Don’t hate the list. Hate the model.

(In which Evan actually writes more than 140 characters about something all in one place!)

Got up early this morning (6:00 am) and walked over to the bus stop as my normal routine dictates, and I’m greeted with this tweet:

If you haven’t read about my ezPM metric, you can do so here (when I introduced the model) and here (when I updated it to use play-by-play data) and here (when I added counterpart rebounding to the model) and here (when I added counterpart defense to the model). I developed it several years ago after a long bout of Wins Produced fatigue.

Now, Kristofers who sent me that tweet was clearly looking at the results of my latest ezPM rankings. I could be wrong, but I highly doubt he has read each of the posts I just linked to in the previous paragraphs. Why do I doubt this? Because if he had, surely, he wouldn’t be asking me why Harden’s defensive rating is much higher than Steph or higher than Klay. It’s in the model!

I mean, unless he thinks I’m doing the math wrong, somewhere in the model, the points Harden has accumulated is dictated deterministically (it’s not a stochastic algorithm).

This brings me to the larger point of the post *slash* rant. Human psychology being what it is, when we are presented with lists of any form, the first thing we tend to do is find *outliers*. I don’t know why. Ask Kahneman. But that’s what we do, right? We don’t go down the list looking for things we agree with. We go fishing for things we disagree with so we can call out the list maker. And these days, preferably on Twitter.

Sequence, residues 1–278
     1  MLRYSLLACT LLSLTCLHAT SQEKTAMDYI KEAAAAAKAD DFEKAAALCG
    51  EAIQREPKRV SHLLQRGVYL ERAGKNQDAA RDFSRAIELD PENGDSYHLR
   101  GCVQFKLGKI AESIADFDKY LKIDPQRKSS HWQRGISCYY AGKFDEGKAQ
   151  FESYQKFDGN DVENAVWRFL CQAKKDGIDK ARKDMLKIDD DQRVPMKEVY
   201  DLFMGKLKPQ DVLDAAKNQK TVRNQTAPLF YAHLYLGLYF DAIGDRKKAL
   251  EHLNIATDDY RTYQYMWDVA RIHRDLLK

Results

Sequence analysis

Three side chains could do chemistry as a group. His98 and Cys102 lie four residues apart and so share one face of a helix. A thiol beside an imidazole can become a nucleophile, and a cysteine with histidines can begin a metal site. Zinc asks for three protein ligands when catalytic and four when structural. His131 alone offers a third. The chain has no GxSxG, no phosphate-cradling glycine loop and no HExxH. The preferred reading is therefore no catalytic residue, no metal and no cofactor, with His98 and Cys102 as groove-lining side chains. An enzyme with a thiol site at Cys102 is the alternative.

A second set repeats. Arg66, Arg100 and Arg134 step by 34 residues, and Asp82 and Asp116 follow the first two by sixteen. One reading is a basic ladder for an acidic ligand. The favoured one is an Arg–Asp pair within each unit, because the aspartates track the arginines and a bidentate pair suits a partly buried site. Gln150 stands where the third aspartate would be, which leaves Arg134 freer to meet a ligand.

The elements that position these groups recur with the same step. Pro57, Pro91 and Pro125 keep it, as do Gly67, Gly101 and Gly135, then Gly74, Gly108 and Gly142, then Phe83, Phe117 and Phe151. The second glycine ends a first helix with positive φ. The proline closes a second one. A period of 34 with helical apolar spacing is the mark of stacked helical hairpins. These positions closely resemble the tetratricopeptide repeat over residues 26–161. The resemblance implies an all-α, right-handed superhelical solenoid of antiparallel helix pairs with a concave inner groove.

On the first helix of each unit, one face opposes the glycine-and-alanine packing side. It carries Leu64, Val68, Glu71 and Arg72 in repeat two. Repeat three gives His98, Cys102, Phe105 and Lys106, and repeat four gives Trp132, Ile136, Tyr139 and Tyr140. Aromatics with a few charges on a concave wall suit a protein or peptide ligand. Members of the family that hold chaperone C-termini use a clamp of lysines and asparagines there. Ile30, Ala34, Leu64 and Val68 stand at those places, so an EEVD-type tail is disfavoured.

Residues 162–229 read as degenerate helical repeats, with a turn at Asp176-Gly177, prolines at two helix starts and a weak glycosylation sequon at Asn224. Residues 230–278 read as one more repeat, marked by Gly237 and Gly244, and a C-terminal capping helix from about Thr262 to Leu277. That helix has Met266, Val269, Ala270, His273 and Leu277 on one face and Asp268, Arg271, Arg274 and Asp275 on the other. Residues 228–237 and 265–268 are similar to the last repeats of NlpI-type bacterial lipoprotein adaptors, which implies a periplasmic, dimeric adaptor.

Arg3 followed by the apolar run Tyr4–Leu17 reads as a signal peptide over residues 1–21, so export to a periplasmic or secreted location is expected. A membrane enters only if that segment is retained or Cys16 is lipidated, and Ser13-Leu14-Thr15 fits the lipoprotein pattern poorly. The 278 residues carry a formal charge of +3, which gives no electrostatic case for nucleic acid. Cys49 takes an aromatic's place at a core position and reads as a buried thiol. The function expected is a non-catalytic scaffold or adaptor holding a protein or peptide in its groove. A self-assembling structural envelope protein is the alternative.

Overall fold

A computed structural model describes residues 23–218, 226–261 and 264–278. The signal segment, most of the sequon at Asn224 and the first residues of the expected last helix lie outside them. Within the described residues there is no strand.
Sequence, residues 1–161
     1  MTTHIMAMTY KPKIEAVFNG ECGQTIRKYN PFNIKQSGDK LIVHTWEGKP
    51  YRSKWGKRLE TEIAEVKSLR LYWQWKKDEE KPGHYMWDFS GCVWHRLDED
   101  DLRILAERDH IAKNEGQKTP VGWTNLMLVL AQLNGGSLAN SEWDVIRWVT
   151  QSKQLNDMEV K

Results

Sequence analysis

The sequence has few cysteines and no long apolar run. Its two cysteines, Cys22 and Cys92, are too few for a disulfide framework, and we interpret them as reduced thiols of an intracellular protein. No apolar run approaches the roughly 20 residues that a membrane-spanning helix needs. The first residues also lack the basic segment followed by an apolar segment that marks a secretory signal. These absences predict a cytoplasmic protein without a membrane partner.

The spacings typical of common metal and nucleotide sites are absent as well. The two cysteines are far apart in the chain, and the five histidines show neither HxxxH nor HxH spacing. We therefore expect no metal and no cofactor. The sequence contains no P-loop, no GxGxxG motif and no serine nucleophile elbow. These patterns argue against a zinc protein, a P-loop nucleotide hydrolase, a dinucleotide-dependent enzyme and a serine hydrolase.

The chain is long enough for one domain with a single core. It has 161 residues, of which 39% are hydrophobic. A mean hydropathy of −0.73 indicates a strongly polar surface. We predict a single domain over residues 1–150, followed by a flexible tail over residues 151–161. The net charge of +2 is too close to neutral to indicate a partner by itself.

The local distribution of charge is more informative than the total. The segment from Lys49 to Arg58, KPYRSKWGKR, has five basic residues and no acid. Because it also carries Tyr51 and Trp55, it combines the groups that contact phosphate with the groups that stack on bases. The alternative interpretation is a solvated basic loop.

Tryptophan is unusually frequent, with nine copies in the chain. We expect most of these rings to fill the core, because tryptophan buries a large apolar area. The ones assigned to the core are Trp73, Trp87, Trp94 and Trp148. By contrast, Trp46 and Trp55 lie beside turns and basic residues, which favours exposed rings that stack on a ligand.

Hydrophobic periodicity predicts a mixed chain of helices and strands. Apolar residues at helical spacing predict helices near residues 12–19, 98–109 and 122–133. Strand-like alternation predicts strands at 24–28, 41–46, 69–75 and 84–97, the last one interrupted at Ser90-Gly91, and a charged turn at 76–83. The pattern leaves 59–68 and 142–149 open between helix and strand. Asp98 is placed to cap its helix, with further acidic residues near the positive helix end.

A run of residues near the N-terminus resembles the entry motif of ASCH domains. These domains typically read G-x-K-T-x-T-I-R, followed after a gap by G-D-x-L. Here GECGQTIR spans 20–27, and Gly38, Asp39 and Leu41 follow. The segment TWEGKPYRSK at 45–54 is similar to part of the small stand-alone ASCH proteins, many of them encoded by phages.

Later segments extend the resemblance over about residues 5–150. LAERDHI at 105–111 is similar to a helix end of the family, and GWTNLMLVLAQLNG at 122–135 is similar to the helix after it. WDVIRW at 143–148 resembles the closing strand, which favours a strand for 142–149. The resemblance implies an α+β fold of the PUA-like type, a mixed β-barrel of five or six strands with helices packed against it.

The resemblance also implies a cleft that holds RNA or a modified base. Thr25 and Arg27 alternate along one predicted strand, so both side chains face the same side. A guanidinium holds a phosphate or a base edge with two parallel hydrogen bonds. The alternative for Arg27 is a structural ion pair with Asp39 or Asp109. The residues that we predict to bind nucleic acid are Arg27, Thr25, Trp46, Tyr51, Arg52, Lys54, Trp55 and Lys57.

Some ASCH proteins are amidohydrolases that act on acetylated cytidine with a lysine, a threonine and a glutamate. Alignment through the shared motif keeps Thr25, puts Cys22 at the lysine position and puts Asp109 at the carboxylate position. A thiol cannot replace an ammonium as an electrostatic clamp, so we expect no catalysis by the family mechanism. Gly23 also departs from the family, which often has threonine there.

I would argue that there are some lists where this is appropriate behavior. When the list is a purely subjective one, with no underlying model, at least, no rigorous one, then we generally have no choice but to argue or question the brain of the list maker. In there lies the only model we can point to.

But when a list is purely objective, such as my ezPM rankings, don’t question me personally about it on twitter. Question my model. Please! I actually encourage you to question my model. Or any model at all, if you think the output is questionable. That’s how models get improved.

When I thought there were issues with how WP ranked players, my first reaction, as most, was to criticize the list itself. But in time, I realized the only meaningful way to handle my criticism of the list, was not to attack it directly. It was to question and eventually attack the Wins Produced model, itself. And then to improve on it by creating my own.

So remember. Don’t hate the list. Hate the model. Everyone, including you, will be better off for it.

1 thought on “Don’t hate the list. Hate the model.”

  1. The posts you link to have a pretty large number of comments, so I may have missed it, but one (admittedly marginal) thing that I’d like clarification about is how you handle possession after blocks.

    I saw some discussion about the handling of foul shots in the 1.0 comments, and it’s something that could be broken out a bit more extensively since there is rebounding after the last foul shot (except for technicals.) It seems inconsistent with the way the rest of the model is built.

    More fundamentally, what kind of question is this model supposed to answer? That is to say, if we could run some kind of experiment to, say test this model against WP (or some other metric), what would that experiment look like?

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